Turning the clock back
Column by Len Riggir

James, his wife Betsy (Bess) and 1 year old daughter left Scotland in January 1863 on the ship Electric arriving in Port Chalmers 120 days later.

James and his family settled in Dunedin, and he soon found work as a stone mason. One job he had was in Port Chalmers and on a return trip one night his boat collided with another.

James Ritchie (Snr) and his wife Betsy (Bess) Ritchie. Photo: Courtesy Cromwell Museum

He and one other man were the only ones on that boat to survive.

We conclude that after this incident he decided to seek work elsewhere.

At that time there were reports of gold strikes in various parts of inland Otago and he joined the rush to the Otago Gold fields.

While in the area he also found work as a stone mason working on the roads in the wider area.

He was mining here and there eventually arriving in Cromwell. While in Cromwell he started to build his first home near the junction of Alpha and Inniscort Streets. There was word of a gold strike in the Nevis and the family understand he was there for a short time. In 1865 a very severe snowstorm forced him back to Dunedin.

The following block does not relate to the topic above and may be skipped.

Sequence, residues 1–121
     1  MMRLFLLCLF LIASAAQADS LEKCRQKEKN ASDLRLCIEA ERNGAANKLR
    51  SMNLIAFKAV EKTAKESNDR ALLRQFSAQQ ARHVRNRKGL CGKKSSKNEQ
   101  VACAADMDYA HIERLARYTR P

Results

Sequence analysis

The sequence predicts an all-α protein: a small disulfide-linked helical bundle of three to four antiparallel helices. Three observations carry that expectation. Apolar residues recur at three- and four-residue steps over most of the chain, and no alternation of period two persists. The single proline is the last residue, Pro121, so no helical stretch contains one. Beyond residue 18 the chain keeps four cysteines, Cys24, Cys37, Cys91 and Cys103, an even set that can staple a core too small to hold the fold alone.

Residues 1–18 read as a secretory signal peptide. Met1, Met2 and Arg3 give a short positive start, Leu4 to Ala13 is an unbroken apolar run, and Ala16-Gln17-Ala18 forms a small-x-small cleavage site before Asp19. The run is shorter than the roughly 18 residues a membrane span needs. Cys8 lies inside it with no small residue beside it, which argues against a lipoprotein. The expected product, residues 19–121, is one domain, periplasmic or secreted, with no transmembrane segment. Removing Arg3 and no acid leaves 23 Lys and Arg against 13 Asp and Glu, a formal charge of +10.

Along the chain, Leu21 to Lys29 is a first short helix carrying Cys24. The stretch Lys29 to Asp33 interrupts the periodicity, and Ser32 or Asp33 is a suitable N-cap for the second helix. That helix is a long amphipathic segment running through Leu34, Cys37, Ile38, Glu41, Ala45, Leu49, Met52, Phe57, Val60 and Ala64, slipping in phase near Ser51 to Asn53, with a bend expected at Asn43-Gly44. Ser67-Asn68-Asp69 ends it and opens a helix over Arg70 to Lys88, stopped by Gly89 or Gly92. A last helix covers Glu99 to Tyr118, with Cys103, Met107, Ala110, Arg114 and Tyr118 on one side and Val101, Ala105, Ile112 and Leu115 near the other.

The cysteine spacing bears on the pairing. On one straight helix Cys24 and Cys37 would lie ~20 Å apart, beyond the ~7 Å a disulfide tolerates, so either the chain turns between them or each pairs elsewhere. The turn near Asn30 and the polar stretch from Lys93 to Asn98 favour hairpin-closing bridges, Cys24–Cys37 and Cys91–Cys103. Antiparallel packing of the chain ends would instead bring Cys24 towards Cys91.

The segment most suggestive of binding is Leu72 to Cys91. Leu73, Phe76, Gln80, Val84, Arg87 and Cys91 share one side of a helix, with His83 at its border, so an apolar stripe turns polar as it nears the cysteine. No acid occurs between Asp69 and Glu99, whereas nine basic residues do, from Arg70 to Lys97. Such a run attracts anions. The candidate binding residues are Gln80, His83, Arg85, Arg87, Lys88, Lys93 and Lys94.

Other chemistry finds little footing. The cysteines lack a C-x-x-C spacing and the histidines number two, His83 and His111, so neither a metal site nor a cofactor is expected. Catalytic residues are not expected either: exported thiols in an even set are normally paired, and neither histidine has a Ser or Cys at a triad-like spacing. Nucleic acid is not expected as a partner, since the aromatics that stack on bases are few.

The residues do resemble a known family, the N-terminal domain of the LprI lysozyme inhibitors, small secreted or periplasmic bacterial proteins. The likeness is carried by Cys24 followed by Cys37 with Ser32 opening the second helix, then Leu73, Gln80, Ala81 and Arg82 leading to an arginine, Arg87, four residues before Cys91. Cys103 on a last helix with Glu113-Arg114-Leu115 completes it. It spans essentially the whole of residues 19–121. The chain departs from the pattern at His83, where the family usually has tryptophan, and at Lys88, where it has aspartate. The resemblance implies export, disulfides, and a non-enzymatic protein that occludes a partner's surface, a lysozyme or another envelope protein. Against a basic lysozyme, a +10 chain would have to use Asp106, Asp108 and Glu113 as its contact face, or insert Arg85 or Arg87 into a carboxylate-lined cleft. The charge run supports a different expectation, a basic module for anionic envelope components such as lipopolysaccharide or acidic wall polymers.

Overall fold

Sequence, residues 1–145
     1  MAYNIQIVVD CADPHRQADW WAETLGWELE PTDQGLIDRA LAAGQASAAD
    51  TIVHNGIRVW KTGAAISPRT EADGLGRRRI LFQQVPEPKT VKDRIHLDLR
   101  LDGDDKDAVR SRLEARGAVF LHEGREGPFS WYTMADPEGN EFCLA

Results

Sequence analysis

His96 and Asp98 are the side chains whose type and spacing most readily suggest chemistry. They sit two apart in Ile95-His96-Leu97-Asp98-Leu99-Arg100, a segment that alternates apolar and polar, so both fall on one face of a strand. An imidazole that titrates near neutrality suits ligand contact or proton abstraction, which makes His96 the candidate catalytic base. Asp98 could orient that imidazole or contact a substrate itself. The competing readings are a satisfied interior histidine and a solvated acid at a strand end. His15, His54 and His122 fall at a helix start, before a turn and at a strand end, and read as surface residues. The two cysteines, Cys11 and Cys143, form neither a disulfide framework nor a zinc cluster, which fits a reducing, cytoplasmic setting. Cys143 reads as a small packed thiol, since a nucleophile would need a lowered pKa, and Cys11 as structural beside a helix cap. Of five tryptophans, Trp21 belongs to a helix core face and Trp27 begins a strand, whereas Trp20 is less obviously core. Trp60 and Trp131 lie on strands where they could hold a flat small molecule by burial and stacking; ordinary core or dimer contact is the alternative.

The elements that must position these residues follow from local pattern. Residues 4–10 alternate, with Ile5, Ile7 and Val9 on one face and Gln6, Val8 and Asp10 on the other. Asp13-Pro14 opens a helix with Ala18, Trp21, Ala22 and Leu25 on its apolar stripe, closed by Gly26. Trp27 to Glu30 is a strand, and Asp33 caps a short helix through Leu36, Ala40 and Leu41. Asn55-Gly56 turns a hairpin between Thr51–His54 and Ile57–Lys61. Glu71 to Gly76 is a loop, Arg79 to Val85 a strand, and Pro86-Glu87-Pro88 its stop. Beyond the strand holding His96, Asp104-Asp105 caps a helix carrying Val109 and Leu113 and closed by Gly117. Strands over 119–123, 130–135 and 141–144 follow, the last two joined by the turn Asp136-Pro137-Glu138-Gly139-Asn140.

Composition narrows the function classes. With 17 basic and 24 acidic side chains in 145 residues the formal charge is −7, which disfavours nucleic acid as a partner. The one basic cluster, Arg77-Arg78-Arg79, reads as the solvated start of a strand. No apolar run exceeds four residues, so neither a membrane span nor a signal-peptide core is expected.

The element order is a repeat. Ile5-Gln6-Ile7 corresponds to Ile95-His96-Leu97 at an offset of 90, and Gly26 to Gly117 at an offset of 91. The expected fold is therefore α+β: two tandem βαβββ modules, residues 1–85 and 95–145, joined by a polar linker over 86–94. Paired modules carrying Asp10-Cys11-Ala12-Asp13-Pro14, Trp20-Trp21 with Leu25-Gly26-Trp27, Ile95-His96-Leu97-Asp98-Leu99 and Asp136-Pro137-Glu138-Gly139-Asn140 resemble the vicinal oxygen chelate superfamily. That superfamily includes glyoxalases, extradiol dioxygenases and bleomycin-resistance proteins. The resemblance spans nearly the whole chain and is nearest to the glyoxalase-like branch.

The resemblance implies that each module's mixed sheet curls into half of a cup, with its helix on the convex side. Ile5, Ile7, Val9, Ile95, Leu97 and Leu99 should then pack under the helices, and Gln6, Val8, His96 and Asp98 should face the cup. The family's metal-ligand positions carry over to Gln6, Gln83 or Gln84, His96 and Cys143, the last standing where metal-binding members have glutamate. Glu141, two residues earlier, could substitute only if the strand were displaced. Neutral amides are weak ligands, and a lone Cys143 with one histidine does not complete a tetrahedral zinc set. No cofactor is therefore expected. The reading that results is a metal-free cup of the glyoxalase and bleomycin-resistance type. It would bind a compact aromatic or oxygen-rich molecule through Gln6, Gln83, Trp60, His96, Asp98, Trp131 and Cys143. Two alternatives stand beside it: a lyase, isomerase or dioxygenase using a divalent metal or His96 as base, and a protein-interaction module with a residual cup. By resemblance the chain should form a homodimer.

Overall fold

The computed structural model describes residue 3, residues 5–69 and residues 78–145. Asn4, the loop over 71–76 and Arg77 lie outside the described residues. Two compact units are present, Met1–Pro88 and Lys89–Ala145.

Whilst there his first son Malcolm (my Great Grandfather) was born. 

When Malcolm was 6 weeks old, he packed up all their possessions and brought his wife, baby and 2-year-old daughter to Cromwell in a tipping dray, with materials to finish his house.

His descendants understand that this was the first iron roofed house built in Cromwell. 

While in Cromwell he divided his time between stone masonry and gold mining. Another six sons were born in Cromwell.

While growing up all the sons were taught gold mining and stone masonry.

We have references of them gold mining at an area known as Deadman’s Flat.

More in later articles.

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